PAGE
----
It had never been that easy; Norman uncertain of each step as they approached her green Sedan. Mable unlocked the doors before lobbing her purse in the back along with some junk from the floor. A black sticker with white text reflected on the dashboard, as the passenger buckled up. She flipped the engine over and skipped around on the stereo before distortion carried them away from the school. “You like these guys?” Mable asked at the first stop sign.
“Yeah, sure,” Norm replied, just as his cellphone buzzed. Struggling to pull it out, he quickly hit ignore.
“No, just dear old dad checking up on me.”
“Are you gonna get in trouble for jumping into a stranger’s car?”
“Not if there’s candy in here,” Norm quipped.
“Sorry to disappoint you.”
“I don’t think that’s possible.”
His comment sunk in a moment, before she turned the music down. “So did you have some huge crush on me back when I was in school?”
“You weren’t the only one.”
“And what about now?”
“Now we barely know each other,” he said. “But that’s not necessarily a deal breaker for me.”
“So just you couldn’t resist, huh?”
“That’s one way of putting it.”
“Look, I just wanna clear the air a little bit before we get any further.”
“This isn’t about some kind of minor infatuation,” Mable said. “It isn’t about sex either, or lust or any of that other shit that consumes people, but I will say that it is about love, which is an emotion I can’t help but feel every morning when I wake up and go out into this world.”
“What kind of medication are you on?” Norm asked sarcastically.
“I’m trying to explain things best I can, but I guess it’s never easy. Maybe just read the headline,” she tapped on her dashboard sticker.
“The road to revolution is often rocky. Where’d you get that, Spencer’s Gifts?”
“I can’t wait for this cynicism to fall by the wayside.”
“Yeah, me too.”
They exchanged a glance of knowing, whereby neither one could judge the other for being inherently false. Mable drove downtown in a state of perpetual bliss, humming along while dangling her general wisdom above his head. Norman rattled his brain for ways to impress her, uncertain of any more small talk. He’d made it far enough to enjoy the scenery, while the rest could be fabricated for Bucky’s sake the following day. All that remained was the big reveal, Norm vastly approaching a level of adolescent impatience so far removed that even someone with Mable’s legs couldn’t satisfy.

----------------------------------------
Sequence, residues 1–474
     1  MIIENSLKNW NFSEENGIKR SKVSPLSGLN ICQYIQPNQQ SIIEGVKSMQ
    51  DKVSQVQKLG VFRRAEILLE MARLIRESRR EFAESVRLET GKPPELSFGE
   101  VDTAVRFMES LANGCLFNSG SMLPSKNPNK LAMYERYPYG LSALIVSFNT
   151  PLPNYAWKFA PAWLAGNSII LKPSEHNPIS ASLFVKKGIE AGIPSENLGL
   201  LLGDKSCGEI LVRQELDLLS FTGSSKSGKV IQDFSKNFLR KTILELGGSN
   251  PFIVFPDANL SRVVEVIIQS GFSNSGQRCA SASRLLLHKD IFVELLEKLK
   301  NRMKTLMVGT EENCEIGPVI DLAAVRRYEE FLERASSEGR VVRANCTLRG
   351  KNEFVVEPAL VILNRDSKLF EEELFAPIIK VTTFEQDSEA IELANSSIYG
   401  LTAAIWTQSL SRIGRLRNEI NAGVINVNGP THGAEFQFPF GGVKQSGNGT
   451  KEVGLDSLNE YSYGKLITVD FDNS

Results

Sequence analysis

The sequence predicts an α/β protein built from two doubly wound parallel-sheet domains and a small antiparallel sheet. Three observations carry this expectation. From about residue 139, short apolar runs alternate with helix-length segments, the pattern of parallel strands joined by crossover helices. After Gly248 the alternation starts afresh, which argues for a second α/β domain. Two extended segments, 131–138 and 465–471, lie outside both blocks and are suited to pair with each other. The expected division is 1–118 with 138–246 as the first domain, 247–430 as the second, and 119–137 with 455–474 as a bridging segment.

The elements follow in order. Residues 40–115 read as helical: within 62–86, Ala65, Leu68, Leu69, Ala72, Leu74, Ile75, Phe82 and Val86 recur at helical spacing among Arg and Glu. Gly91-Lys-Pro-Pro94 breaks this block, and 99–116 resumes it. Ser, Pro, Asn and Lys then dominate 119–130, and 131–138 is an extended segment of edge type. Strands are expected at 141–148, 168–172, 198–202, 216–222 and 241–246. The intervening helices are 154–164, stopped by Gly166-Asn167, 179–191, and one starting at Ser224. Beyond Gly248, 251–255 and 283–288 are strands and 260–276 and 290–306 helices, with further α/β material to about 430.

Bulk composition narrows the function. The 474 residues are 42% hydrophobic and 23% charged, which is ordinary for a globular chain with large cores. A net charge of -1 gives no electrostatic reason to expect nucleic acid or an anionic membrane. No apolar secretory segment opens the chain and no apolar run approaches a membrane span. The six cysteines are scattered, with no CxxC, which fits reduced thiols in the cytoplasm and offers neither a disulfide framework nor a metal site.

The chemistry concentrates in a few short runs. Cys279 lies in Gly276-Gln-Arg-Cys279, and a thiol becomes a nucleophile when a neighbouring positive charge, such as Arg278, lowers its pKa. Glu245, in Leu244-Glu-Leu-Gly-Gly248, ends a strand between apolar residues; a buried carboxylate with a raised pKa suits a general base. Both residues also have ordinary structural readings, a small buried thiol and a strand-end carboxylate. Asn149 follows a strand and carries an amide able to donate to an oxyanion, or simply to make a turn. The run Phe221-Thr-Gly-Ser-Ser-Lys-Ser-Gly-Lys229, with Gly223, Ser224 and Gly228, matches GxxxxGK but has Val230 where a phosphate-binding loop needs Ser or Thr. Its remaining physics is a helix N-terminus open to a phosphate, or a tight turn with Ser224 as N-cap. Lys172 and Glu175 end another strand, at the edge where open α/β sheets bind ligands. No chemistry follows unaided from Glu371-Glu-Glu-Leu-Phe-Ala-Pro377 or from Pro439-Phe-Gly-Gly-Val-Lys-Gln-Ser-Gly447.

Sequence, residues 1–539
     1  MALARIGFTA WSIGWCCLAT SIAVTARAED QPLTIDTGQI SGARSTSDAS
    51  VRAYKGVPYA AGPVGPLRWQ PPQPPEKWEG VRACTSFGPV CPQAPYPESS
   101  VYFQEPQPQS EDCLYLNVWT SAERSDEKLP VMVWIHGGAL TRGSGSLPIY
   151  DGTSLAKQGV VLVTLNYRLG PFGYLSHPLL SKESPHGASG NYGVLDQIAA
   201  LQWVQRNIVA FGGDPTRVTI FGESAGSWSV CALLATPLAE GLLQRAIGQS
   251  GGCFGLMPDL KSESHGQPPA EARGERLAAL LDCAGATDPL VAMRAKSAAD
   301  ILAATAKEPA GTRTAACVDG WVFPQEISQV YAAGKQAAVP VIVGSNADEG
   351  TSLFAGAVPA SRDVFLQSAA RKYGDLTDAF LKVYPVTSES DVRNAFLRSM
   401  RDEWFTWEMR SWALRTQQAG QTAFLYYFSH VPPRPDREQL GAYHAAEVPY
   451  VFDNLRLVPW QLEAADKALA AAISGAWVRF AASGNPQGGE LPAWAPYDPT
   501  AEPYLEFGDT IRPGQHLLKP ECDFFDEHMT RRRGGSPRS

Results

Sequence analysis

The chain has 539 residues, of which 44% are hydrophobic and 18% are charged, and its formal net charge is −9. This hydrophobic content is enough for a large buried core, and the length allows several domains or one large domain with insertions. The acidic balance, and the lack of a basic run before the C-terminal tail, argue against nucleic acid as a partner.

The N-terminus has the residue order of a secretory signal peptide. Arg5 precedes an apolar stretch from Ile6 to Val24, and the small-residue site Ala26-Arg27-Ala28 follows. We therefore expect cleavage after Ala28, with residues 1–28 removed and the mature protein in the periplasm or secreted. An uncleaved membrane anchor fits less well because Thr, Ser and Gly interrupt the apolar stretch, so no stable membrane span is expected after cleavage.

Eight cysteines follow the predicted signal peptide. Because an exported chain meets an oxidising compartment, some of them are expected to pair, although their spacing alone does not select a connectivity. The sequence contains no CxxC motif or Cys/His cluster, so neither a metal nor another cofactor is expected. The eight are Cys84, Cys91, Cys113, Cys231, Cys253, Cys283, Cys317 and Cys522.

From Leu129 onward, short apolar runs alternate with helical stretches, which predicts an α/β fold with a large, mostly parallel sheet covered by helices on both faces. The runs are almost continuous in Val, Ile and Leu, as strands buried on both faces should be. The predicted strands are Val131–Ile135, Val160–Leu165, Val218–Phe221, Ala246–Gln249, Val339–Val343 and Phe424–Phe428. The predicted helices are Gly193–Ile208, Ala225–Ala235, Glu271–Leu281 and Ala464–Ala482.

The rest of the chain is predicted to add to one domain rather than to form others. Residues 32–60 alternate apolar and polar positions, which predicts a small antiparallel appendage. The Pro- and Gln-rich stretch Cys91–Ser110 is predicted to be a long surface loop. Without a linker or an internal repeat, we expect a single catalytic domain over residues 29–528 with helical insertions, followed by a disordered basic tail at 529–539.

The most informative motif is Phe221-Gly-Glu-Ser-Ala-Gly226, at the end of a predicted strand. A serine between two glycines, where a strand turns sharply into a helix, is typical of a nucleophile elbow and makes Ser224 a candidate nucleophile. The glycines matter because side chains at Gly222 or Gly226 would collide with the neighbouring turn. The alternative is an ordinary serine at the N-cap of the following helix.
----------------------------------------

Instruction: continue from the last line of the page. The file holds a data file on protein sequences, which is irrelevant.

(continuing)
Pumping the breaks, she parked on the corner of 15th Street and hopped out. “We’re here.”
“And where’s that?” Norman glanced up at the hand-painted sign. “Murky Books? My mom took us here once as kids. It’s smelled like piss.”
“That’s part of the charm, now C’mon.”
He stepped out of the car and followed her into the store, shelves of soiled paperbacks tunneling them towards the register. A thin woman with jet black hair looked up from her page and then back down. “Isn’t it a little late to be recruiting?” she suggested.
“Trial run,” Mable replied. “Am I the last one?”
“Is there ever a last one?”
“What am I missing here?” Norm asked.
The clerk looked up at him, skin hanging like leaves on a rotting branch. “That’s the question everyone will be asking themselves tomorrow,” she replied.
“And why’s that?”
“C’mon, let’s go downstairs,” Mable intervened, gently tugging him towards her.
They walked past crooked cases of nonfiction, before she opened a door leading further underground. “What aren’t you telling me?” Norman took a breath.
“Plenty, but no need to worry. Everything’s cool,” Mable replied.
“Then what the hell was that back there?”
“That’s just Diana. She takes some getting used to. I guess all of us do in one way or another.”
“Right.” His cellphone clanged as she looked him in the eyes. “It’s just my mom. Give me a second.” He quickly typed an excuse, before pocketing the device.
“Must be nice having so many people looking out for you.”
“Don’t pretend like you’re any less suburban than I am.”
“I wouldn’t dream of it darling, but just in case, let’s find out.” Mable grasped his collar and pulled; their first kiss almost cartoonish, saliva dripping to the hardwood before birds flew around their heads.
Christopher S. Bell has been writing and releasing literary and musical works through My Idea of Fun since 2008. His sound projects include Emmett and Mary, Technological Epidemic, C. Scott and the Beltones and Fine Wives. My Idea of Fun is an art and music archive focused on digital preservation with roots in Johnstown, Pennsylvania. (www.myideaoffun.org). Christopher’s work has recently been published in Lakeview Journal, Noctua Review, Yellow Chair Review, Crab Fat Magazine, Pot Luck Magazine, Crack the Spine, Foliate Oak, The Gambler, Lime Hawk and Talking Book among others. He has also contributed to Entropy and Fogged Clarity.